Dhaka, Bangladesh (BBN)– Bangladesh’s overall imports grew by 37.45 per cent in July, the first month of the ongoing fiscal year, thanks to a jump by nearly 229 per cent in import of rice.
The settlement of letters of credit (LCs), generally known as actual import, rose to US$4.50 billion in July from $3.27 billion a month before. It was $3.64 billion in July 2016, according to the central bank’s latest statistics.
Talking to BBN, a senior official of the Bangladesh Bank (BB) said the overall imports increased significantly during the period under review mainly due to higher import of rice, back-to-back imports for readymade garment (RMG) products and capital machinery.
The official also said the rising trend in food grains practically rice imports may continue in the coming months to keep the prices of main staple stable in the local markets through boosting its supply.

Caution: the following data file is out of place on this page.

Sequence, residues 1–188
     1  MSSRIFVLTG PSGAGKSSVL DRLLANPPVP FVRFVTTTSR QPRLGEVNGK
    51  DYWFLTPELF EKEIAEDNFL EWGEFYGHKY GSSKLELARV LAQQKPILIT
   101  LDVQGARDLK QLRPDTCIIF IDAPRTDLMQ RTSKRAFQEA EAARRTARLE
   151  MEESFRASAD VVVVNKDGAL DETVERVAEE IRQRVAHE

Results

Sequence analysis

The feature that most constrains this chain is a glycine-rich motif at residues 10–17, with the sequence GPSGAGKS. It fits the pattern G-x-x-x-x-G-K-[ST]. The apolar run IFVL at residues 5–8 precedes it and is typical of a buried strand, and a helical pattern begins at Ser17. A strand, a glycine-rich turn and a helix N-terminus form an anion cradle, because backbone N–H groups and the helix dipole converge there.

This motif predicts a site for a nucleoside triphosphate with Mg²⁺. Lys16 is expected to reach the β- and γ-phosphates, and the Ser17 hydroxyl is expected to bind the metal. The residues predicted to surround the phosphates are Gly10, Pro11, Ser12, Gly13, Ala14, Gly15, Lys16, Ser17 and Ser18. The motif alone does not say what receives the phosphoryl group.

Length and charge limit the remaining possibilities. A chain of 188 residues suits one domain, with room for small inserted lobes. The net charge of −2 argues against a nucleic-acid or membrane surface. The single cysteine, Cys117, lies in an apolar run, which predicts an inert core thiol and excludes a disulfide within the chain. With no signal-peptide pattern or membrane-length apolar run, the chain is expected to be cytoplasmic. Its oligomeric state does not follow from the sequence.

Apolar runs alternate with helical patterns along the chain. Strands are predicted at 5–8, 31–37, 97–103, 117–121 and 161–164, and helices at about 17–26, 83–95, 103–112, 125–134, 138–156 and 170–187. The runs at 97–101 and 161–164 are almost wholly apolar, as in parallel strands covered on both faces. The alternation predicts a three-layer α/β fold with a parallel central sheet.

The government as well as the central bank has already taken different measures to encourage the importers for importing more rice to meet the growing demand for the essential item.
On the other hand, opening of fresh LCs, generally known as import orders, increased by over 26 per cent or $1.05 billion to $5.06 billion in July last from more than $ 4.00 billion in June last. It was $3.89 billion in July last year.
The banks particularly state-owned commercial ones are now encouraging importers to import more rice for ensuring the country’s food security despite flash floods, according to a senior banker.
He also said the upward trend in rice import may continue until the next Aman crop harvesting season.
The overall rice imports in term of value rose to $69.63 million in July from $21.17 million in June 2017, the BB data showed,
However, the back-to-back import of RMG accessories rose by more than 100 per cent to $924.70 million in the month of July from $461.55 million in June last following an increased demand for the largest export-orient industry.
Export earnings from overall garments covering both knitwear and woven jumped by more than 17 per cent to $2.48 billion in July from $2.12 billion in the same period of the last year, according to the official figures.
On the other hand, import of capital machinery — industrial equipment used for production — was up by 50.13 per cent to $347.93 million during the period under review as against $231.75 million in June 2017.